Linda Ferzoco on fri 10 jun 05
For years, I've been a devotee of all of the This Old House-type shows and
was just watching a Classic on DIY network. One of the guys toured the tile
manufacturer in Wales and it was an education for a potty person.
They mine the clay in Wales, have been doing so since 1869 or so, and figure
there's about 60 years more clay to mine. It's a nice brown mud.
They truck it to the factory and mill it to grind the rocks down to clay
size, add water to make the right consistency and then auger it. I do mean
auger! Those mamas were huge and I think the guy said they put the clay
under more than 20,000 psi, which he said was necessary to get strong tiles.
These are quarry tiles and when extruded, come out in big, 1/2 inch-thick
sheets which are cut to 6 foot lengths. We saw the tiles being cut into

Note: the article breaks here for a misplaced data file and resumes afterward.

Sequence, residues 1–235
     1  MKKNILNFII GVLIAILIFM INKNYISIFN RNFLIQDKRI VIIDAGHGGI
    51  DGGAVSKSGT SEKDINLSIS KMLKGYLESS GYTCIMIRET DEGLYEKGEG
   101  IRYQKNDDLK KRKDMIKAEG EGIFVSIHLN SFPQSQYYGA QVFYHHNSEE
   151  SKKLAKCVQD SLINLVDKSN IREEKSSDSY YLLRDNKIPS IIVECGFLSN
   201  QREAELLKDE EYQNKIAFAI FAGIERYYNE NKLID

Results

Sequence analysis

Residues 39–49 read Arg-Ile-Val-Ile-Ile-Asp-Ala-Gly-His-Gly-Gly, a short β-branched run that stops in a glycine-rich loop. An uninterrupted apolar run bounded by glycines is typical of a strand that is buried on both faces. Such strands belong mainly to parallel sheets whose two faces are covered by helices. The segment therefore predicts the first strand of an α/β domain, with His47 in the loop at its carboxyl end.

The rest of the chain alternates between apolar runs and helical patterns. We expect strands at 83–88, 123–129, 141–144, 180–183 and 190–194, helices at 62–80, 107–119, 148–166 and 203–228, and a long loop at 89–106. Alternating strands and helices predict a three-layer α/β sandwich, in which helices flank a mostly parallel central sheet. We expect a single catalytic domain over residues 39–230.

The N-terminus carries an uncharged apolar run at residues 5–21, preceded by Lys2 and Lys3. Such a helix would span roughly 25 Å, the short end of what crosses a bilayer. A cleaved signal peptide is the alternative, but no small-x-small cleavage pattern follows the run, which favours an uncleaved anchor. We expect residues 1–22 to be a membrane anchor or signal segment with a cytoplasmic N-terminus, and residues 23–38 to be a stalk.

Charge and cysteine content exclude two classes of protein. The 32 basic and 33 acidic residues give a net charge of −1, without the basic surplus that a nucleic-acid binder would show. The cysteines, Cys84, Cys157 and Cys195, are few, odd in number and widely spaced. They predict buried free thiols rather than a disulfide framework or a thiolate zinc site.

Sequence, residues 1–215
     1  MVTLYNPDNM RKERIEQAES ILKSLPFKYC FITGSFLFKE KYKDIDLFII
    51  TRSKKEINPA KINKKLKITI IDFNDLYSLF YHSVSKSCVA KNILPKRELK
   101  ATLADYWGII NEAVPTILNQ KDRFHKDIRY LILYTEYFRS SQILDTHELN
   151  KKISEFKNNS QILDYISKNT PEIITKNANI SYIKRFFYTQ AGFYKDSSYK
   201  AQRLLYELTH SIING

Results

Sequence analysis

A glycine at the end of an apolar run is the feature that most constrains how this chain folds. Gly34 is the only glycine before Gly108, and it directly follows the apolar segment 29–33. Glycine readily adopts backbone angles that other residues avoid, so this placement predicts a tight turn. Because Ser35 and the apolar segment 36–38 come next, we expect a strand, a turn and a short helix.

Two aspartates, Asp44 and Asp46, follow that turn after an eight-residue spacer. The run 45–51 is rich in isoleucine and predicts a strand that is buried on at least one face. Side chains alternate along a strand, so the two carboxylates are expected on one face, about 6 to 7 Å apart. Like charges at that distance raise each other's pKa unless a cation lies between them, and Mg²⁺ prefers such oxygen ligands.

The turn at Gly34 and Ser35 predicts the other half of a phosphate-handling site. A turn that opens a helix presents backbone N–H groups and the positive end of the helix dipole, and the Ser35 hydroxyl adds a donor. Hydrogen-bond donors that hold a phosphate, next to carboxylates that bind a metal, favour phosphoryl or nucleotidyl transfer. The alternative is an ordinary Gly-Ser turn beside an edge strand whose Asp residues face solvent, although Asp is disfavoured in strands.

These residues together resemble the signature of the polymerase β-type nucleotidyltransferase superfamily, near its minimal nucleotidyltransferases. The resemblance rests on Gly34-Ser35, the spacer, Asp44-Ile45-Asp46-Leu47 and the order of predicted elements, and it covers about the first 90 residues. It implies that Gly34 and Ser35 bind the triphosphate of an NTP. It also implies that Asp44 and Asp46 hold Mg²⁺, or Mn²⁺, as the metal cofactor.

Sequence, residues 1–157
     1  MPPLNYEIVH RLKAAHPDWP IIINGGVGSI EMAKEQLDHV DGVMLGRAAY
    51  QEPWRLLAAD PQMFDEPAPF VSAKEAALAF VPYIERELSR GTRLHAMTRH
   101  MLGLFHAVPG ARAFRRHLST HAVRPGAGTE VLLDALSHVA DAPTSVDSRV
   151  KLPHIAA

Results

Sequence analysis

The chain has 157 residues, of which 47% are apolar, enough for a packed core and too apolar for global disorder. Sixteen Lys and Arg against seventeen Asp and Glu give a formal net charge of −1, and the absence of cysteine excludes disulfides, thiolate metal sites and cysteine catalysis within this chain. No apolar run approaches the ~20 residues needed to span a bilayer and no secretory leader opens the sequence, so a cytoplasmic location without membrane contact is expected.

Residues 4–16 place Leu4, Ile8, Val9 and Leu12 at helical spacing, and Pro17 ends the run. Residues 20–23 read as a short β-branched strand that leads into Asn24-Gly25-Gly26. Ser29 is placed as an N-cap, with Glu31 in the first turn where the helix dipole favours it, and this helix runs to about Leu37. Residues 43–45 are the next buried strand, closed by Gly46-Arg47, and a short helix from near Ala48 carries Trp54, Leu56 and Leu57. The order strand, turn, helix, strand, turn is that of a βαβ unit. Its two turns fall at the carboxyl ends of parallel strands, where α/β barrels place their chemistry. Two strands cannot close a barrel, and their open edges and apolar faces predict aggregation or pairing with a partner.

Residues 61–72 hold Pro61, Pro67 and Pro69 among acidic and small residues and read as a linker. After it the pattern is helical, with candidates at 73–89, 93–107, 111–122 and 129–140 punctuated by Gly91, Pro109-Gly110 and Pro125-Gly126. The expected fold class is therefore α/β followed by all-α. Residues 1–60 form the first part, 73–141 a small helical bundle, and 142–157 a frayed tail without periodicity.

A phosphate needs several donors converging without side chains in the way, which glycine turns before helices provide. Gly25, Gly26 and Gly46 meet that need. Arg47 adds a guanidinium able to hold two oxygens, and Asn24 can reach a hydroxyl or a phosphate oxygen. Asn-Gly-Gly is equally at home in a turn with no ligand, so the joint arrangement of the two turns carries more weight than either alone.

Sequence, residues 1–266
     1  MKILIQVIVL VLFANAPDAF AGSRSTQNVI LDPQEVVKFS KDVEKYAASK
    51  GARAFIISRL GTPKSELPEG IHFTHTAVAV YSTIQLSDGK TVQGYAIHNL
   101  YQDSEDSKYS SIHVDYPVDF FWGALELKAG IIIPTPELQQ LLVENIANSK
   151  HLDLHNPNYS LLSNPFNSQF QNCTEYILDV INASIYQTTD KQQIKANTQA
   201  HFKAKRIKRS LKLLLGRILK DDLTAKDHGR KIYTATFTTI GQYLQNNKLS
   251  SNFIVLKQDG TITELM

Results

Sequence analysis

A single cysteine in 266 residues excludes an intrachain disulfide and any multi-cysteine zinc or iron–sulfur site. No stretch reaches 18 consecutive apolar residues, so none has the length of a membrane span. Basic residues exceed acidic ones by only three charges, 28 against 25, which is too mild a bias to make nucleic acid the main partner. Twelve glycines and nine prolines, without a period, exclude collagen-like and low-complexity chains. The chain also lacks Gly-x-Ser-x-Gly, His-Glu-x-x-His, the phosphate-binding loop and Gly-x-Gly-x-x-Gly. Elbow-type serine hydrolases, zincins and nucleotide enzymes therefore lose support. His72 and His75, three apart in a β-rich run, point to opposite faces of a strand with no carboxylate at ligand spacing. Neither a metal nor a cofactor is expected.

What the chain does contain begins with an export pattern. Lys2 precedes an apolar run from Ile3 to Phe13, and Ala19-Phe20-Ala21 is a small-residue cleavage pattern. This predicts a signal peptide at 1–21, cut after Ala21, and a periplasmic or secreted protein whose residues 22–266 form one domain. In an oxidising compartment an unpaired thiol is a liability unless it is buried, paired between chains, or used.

They dry the tiles slowly he said, but given that it was done in 24 hours in
some kind of oven, it didn't seem slow to me. The tiles are stacked ON
THEIR SIDES, in groups of about six and arranged in a chevron pattern so
that the hot air circulates throughout all the shelves in the train kiln.
The tiles were sandwiched together pretty tightly so that they would develop
different colors according to how much air and heat hit them.
When viewed from above, they looked like this:
They also had some handmade glazed tile manufacture using an old press and
molding them one by one. As the tile came out of the press, the worker
performed the fettling, meaning he used his fettling knife to clean up the
edges of the tile. The tile was quite stiff and remained flat as he fettled it.
Then the pressed tile went to the glazer slation where a couple of women
were using squirt bottles to place glaze in the depressions. Unfortunately,
that was the end of the tour.
I got this info from the This Old House website.
Ruabon, Wrexham, Wales LL14 6ET